I can’t tell you that it will be plain sailing, or that there will be any sailing at all for a long time. You think it’s going to be easy and fun but really it’s terribly bumpy and often dire, if not embarrassing.
Dating is hard. For the most part.
I’m not one of those girls that flits and jumps from one relationship from another. I seem to just float about waiting for someone to give me a story to make my friends laugh.
So don’t come to me for dating advice. Because I don’t date.
I’m not sure if I’m texting a brick wall or if you’re silently reading everything I say to you and choosing to punish me for trying to build a bridge between us.
I hope you’re just taking it all in ready to get back in contact when you’re back to yourself. I miss curry and Stargate nights. (I don’t miss your cat.)
I have a snippet memory of my Mum. We’re driving somewhere, and she starts to get pains in her leg, and it starts to move of it’s own accord (we later discovered it was her brain tumor). We pull over and she gets out of the car to stretch. I’m sat behind the driver’s seat. She still has all of her hair and is wearing awful massive thick-lensed glasses.
Anyone who has heard stories about my grandparents will know what amazing characters they both are, and how much fun they are. This is the story of how they got engaged. My Granny’s parents are Goan, but she she was brought up in Nairobi in Kenya. My Granddad started his life in Goa, and competed in the all-Indian Olympics in high jump (he would have won and gone on to compete in the Olympics but he broke his knee in the finals). He didn’t have any qualifications but was very smart and came top of his class in aptitude tests for banking. His father gave him a loan so he could move to Nairobi where there were better paid jobs. He was poor, paying back his dad and the rent and bills on the mess he was sharing with five other men. In his words, he had a lot of women interested in him but no money to keep a girlfriend.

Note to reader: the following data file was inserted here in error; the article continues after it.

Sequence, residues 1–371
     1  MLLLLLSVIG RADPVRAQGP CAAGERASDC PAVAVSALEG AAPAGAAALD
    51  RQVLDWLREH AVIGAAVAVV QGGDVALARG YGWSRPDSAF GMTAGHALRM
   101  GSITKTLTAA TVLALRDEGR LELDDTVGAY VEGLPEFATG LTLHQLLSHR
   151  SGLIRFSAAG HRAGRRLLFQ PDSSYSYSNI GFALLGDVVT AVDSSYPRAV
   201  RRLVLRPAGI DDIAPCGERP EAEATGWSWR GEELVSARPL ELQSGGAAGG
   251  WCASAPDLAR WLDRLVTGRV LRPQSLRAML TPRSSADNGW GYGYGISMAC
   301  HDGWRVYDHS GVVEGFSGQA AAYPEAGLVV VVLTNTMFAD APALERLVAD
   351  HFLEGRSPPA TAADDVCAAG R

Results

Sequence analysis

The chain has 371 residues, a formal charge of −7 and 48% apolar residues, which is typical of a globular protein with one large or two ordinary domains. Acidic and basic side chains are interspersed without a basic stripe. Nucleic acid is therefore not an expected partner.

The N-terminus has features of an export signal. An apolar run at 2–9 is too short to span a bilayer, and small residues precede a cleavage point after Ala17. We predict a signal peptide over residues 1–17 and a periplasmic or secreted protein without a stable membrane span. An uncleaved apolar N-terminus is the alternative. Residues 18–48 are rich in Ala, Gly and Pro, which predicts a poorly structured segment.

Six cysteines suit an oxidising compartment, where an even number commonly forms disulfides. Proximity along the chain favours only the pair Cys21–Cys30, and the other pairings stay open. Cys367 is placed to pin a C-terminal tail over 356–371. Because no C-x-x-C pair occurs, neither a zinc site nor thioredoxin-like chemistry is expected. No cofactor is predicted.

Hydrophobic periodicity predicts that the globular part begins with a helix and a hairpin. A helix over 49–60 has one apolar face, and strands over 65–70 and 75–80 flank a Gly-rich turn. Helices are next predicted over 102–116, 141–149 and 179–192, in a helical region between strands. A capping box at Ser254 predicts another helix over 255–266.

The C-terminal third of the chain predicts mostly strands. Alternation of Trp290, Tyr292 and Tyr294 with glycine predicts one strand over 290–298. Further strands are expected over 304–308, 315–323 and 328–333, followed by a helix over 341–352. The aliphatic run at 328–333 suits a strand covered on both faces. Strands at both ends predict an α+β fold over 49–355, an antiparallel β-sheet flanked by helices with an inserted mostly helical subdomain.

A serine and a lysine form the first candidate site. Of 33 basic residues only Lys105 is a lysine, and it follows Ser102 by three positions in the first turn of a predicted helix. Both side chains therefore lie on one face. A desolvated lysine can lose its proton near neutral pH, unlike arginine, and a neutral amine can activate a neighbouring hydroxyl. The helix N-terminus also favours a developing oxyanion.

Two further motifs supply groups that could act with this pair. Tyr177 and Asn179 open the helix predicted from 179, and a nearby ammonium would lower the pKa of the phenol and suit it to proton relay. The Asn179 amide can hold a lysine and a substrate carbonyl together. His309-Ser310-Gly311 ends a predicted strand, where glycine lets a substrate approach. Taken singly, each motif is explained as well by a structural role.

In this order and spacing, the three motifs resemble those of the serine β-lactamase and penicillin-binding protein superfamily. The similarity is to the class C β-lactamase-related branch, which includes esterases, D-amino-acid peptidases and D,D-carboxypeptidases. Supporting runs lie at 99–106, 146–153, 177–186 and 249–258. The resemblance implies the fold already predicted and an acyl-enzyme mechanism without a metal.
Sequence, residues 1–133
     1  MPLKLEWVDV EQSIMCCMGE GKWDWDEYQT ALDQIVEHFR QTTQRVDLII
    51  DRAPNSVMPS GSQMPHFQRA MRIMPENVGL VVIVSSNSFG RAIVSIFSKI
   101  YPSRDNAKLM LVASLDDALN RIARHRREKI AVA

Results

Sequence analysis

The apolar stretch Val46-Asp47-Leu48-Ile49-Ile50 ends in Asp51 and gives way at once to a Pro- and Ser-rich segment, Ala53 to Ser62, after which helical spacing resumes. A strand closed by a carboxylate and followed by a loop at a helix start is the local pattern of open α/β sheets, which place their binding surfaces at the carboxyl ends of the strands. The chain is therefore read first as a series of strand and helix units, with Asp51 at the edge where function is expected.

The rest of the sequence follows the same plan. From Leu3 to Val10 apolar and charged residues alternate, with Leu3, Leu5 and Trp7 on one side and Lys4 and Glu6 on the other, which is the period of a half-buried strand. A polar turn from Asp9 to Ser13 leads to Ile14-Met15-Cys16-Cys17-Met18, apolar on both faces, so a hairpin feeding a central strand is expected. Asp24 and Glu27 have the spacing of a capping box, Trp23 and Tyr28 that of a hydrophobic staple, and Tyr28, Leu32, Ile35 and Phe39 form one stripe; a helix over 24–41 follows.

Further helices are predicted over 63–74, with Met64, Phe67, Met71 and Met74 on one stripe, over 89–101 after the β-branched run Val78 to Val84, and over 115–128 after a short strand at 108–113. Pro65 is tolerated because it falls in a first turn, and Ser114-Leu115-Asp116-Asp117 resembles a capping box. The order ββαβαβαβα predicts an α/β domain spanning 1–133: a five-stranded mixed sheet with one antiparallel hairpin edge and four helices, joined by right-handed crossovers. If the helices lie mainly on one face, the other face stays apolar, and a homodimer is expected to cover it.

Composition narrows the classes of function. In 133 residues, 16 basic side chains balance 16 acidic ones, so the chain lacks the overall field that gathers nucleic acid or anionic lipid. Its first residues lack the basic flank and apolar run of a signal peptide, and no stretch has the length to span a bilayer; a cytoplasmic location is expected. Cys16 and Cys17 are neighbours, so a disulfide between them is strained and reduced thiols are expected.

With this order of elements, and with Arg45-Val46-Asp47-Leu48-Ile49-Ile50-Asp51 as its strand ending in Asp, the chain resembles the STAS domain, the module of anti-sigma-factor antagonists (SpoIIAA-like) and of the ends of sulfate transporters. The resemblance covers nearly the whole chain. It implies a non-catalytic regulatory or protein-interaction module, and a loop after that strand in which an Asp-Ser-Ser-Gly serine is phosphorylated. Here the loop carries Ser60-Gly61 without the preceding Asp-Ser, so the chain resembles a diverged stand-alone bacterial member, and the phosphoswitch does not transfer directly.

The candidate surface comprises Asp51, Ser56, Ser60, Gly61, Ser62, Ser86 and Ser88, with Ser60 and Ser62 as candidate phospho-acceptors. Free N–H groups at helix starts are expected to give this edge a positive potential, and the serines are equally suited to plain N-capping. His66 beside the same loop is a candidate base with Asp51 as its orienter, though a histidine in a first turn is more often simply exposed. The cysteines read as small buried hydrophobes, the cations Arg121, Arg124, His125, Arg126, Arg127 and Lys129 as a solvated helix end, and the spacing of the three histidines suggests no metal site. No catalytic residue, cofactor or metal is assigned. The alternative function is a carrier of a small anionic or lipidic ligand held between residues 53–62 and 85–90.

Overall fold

He happened to work alongside my Granny’s uncle Albert, and every now and again she would come in to get a lift home with him. She thought he was smart and well dressed. Little did she known it was his only suit. After a spell at his job, my Granddad asked his boss if they could give his brother a job, and they agreed if he would be transferred to their office in Mola. The day before he left for Mola, my great uncle Albert, his wife Betsy and my Granny went to visit him at the mess he was staying at. When he arrived at the Mola office he received a letter from my Granny, and it took him an age to work out who Joyce was. Eventually it clicked and they began writing to each other, and my Granny invited him to a family Christening which is when I guess things got serious.
He was transferred back to Nairobi to open up a training centre for the bank. He was due to make a trip back to Goa to visit his family and dad advised him that if he had his eye on a woman, to get engaged because he would be inundated with proposals when he arrived. So he proposed to my Granny. Goa still worked on a caste (class) system back then, and my Granddad’s grandparents happened to know my Granny’s family so a goid word was put in. Apparently he was quite the catch!